Setting the Record Straight …

An Autopsy of Elmer’s Fateful Day

Much thanks to Ian McCollum of Forgotten Weapons for
allowing me to share Elmer’s blown cylinder pictures.

We’ve all heard the story of Elmer Keith blowing up his Colt SAA .45 that fateful morning celebrating Independence Day as a youngster. Each time the story is told, a slightly different rendition is shared. Not purposely, but simply due to human error/memory deficits and how each teller remembers it.

While digging through old American Rifleman magazines, I stumbled on the original article Elmer tells his tale to Chauncey Thomas, who was editor at the time. Here’s the story and findings in the words of Elmer and Chauncey Thomas. Hopefully, we’ll set the record straight on some of what happened that day and the days that followed.

It appears at least a couple of instances are combined, confusing readers as to the weight and type of bullet used when telling the tale. Also, further reading in Keith’s first book, “Sixgun Cartridges and Loads,” he admits to blowing up three different guns during his load development.

The book was written in response to Harold Croft wanting Keith to do so.

A photo of Elmer Keith taken in 1927.

Independence Day

“I started to celebrate the morning of the Fourth. Picked up an old .45 S.A. Army 5 1/2 inch loaded with 40 grains bulk by my Ideal measure and 258 grain Ideal bullet, stepped out on an upstairs porch and turned the old gun at a 45 degree angle and started shooting. When the gun rose from recoil of my first cartridge I unconsciously hooked my thumb over the hammer spur and thus cocked gun as it recovered from the recoil. When I turned the next one loose I was almost deafened by the report and saw a little flash of flame. My hand automatically cocked gun and snapped again but no report. I stopped then knowing that something was wrong. The upper half of three chambers was gone. Also one cartridge and half of another case. Also the top strap over cylinder. My ears were ringing otherwise I was all O.K.”

Keith goes on to explain how he recovers the gun parts and plans on sending them to Chauncey Thomas, as well as some of his loads, so “brother six-gun users can profit from my experience.” He also states he shot the gun 10 times the previous day at sparrows, owls, and little hawks without a miss, describing the gun as the” most accurate SAA I’ve ever owned.”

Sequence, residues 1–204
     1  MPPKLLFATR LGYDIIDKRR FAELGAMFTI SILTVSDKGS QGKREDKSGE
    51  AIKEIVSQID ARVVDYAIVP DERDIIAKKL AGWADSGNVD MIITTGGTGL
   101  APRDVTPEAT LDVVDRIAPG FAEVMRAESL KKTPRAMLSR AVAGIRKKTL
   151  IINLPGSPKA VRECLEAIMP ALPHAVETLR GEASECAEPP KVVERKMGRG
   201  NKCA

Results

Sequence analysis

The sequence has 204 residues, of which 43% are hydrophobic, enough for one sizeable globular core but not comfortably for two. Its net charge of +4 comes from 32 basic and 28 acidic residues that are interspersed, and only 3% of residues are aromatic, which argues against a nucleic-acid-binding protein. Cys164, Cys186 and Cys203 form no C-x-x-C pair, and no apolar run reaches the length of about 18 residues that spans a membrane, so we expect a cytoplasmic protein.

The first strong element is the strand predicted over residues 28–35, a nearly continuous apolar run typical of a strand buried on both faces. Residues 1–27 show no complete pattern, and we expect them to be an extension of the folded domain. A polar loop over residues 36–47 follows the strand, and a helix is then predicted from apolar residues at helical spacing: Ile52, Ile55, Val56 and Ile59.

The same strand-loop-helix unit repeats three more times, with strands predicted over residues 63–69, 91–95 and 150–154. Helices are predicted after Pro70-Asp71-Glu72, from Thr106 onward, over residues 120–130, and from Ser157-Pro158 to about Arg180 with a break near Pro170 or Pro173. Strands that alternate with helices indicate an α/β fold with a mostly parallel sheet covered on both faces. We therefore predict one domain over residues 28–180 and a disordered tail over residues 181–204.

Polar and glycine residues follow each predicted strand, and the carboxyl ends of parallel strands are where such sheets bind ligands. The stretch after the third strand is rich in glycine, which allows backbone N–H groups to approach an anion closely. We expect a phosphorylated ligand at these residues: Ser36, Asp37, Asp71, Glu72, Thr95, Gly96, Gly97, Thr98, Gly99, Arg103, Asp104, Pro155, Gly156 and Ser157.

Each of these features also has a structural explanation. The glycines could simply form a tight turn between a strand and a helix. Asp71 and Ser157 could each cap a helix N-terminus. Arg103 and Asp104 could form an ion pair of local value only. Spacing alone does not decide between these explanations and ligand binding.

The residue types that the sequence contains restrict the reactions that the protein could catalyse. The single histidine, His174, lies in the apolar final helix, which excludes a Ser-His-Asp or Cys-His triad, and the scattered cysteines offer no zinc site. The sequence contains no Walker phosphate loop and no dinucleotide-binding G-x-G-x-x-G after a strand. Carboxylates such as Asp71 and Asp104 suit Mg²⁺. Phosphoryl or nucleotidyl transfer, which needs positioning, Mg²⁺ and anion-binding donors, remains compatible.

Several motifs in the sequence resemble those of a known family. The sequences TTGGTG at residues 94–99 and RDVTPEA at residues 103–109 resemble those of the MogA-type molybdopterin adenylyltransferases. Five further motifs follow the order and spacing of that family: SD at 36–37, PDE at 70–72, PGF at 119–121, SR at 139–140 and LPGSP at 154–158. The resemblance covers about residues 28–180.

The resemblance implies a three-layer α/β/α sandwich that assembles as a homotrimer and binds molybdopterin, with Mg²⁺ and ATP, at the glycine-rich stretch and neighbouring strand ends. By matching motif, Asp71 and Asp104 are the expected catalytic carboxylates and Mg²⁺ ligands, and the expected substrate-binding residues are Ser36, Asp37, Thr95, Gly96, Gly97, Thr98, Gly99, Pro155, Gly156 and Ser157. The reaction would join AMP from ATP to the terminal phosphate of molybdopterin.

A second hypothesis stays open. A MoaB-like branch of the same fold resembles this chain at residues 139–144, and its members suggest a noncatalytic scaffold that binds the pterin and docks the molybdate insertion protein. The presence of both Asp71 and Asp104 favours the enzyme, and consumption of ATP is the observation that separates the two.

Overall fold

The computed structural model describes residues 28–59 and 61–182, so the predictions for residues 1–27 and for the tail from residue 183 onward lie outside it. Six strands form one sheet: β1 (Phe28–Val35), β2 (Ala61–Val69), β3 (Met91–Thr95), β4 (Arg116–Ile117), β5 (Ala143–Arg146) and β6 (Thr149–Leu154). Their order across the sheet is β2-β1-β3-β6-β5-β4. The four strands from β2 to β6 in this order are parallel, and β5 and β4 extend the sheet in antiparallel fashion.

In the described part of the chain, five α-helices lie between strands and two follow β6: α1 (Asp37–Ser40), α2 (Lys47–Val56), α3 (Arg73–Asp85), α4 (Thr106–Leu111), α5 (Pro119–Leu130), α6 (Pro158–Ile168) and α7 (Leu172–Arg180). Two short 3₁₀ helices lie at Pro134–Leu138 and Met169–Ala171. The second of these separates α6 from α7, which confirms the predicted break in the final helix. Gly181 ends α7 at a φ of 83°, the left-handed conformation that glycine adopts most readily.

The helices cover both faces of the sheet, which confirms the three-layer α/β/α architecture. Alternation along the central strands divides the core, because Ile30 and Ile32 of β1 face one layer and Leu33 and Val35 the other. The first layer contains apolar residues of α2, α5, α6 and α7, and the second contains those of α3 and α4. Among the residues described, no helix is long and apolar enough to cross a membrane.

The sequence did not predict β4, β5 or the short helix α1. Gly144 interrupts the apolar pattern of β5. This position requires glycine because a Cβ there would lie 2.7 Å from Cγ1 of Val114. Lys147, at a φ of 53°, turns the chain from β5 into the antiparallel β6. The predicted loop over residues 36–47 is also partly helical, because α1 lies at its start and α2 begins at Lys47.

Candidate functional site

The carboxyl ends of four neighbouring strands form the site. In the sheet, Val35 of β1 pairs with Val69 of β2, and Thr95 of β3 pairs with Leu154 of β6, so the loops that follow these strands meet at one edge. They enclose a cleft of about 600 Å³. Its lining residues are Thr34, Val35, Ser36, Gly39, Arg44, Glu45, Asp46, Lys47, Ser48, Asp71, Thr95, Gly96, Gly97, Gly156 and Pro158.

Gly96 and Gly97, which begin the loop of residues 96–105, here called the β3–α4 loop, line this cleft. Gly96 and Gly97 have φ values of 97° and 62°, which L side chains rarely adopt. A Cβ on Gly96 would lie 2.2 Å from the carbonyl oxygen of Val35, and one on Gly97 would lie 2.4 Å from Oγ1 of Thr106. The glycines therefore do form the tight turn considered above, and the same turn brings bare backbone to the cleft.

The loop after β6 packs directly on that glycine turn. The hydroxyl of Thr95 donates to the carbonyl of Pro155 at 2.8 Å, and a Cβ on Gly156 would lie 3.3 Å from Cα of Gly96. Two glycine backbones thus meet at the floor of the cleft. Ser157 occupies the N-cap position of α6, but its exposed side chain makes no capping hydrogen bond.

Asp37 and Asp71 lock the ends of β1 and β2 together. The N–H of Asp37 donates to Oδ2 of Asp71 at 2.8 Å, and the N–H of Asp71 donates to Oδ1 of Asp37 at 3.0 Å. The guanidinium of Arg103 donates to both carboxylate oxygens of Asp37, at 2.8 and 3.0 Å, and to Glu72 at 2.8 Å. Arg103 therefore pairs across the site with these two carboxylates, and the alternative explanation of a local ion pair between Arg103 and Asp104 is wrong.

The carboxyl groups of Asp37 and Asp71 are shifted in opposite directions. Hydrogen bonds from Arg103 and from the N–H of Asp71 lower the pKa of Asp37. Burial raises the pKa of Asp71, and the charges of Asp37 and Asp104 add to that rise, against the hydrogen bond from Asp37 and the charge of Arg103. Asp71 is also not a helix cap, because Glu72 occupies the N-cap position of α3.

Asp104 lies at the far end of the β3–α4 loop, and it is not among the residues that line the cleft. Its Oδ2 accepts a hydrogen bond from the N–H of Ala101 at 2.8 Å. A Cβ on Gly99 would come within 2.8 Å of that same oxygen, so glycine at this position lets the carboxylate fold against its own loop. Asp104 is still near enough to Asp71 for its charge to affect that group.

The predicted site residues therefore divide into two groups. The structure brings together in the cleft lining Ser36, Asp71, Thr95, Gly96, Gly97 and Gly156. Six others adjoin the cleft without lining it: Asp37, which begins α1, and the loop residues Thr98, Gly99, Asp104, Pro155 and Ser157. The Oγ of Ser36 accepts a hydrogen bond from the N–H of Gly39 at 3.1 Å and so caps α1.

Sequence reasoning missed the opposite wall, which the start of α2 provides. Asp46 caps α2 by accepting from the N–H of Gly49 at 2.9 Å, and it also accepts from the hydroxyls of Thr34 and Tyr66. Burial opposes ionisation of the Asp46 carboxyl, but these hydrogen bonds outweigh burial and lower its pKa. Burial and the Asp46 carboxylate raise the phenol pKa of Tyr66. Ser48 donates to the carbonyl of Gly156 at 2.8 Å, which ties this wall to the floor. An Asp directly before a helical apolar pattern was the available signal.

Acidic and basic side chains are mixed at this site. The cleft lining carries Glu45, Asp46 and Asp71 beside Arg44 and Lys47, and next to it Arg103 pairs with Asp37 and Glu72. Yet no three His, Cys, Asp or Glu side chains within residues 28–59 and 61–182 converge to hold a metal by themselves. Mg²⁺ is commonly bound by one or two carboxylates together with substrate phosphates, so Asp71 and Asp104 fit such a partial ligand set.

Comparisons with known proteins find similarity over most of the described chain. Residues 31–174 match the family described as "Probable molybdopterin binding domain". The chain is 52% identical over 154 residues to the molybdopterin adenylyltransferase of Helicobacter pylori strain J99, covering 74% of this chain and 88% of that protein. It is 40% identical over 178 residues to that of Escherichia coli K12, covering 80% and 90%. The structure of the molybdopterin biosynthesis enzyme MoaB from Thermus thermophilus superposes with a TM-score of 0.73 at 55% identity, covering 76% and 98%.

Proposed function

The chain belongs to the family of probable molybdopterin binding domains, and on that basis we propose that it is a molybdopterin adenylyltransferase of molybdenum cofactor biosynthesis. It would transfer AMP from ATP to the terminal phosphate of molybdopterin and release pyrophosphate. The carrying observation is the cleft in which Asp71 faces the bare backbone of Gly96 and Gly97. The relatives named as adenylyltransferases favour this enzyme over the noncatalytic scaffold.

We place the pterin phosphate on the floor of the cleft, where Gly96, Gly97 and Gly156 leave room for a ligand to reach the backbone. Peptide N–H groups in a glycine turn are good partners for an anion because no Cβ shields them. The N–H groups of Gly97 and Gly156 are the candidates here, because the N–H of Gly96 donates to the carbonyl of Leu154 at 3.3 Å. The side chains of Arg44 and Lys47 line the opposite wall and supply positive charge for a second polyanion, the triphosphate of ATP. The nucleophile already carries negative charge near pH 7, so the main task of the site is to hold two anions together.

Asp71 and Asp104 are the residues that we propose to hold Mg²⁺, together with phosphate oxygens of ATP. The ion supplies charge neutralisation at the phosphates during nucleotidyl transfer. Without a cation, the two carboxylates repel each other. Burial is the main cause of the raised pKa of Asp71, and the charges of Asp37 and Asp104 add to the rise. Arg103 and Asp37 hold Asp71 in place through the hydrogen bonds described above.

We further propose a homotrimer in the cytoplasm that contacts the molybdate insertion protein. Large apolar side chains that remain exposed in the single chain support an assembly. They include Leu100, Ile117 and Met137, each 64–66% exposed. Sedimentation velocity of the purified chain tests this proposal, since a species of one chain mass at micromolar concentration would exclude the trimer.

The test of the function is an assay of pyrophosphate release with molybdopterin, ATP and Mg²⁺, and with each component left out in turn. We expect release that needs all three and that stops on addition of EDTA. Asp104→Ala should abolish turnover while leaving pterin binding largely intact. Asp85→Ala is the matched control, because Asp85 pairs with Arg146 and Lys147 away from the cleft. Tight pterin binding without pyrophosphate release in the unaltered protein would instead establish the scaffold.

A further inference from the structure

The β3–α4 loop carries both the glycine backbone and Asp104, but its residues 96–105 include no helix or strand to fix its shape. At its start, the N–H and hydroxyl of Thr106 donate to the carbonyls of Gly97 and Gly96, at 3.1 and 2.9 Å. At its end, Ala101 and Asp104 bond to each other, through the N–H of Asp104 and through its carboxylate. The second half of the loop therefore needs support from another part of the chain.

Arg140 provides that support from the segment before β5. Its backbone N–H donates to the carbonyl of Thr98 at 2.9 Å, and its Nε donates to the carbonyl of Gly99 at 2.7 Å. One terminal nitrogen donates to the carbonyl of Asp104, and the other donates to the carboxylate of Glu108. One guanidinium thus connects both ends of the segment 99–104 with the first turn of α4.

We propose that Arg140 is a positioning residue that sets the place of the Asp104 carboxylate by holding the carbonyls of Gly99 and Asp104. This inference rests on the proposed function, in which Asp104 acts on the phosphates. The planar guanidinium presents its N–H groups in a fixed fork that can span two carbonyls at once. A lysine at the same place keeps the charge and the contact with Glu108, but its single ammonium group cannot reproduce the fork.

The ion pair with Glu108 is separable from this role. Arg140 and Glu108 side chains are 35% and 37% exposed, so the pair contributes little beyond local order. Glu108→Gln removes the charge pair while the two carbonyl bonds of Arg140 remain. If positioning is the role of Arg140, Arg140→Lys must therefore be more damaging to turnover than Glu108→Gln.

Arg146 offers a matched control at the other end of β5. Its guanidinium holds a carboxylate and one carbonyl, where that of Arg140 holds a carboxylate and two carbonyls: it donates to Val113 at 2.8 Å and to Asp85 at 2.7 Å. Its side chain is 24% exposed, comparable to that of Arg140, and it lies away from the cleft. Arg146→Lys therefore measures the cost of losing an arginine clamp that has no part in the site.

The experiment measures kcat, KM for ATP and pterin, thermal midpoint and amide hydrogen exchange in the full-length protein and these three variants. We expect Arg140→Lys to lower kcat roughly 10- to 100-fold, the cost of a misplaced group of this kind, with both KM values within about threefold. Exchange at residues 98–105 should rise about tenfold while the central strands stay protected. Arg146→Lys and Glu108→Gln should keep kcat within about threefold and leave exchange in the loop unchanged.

The load consisted of an unknown powder Elmer assumed was F.F.G. black powder and used 40 grains from an Ideal measure. Winchester No. 3W primers were used.

Keith shows his sense of humor, stating,” Also wish to ‘thank Allah’ as C.T. says, I did not sprout wings or get an everlasting job of heaving coal for blowing up a S.A. Colt.”

Keith on a cabin porch with live coyote he
trapped to show some visiting friends.

Chauncey Responds

Chauncey cuts to the chase in his response, sparing little restraint, stating, “It is a plain case of an oversized bullet being driven out of an undersized cylinder hole by an overcharge of powder, all due to heap bad reloading and Mr. Keith’s own fault.” He goes on to say the bullet is far too soft for any revolver.

Chauncey reports, “Here are the ‘disgusting details’ Caliber of bullet average about .458” and weight about 259 grains with grease. Mixture of metal, very soft. Far too soft for any revolver in full load. Cylinder opening is .452” (This is too small even for factory loads).”


“Weight of powder, as sent to me, 32 grains. Powder sifted into three grades, equals 23 grains F.F.G., 2 grains about F.F.F.G. and 5 grains nearly as fine as talcum powder or wheat flour. Its floured condition indicates it was compressed heavily in the shell, or that friction in the can has floured it considerably.”

Round Two?

In another incident, Thomas explains how Elmer blew up another gun shooting 300-grain bullets sized .457”. “Several years ago, I warned Keith about this very thing of using No. 80 rifle powder in pistol cases. Keith was shooting .45-90 bullets weighing 300 grains and sized .457”. He came near killing himself then. This time, he got only blood poisoning. If he does not reform, he will get sooner or later a permanent case of lead poisoning, or his searching friends will pick him up with a blotting paper. I publish this with his consent.”

Here’s Keith (right), with brother Sye, at age 19 after a successful mule deer hunt with his Sharps rifle.

Final Word

Although Chauncey appeared rough or harsh with Keith, he obviously saw something in the youngster. We can all be thankful for that. Chauncey went on to publish several more articles, eventually hiring Keith as a staff writer for American Rifleman. The rest, as they say, is history. Sixgunners should all be thankful for Keith pushing the limits of sixgun load development so we didn’t have to. He was a true pioneer. His work was the basis for the .357, .41 and .44 Magnums, as well as the .338 Winchester Magnum and the Model 70 pre-64 Winchester. Keith always strived to improve what was handily available during his day.

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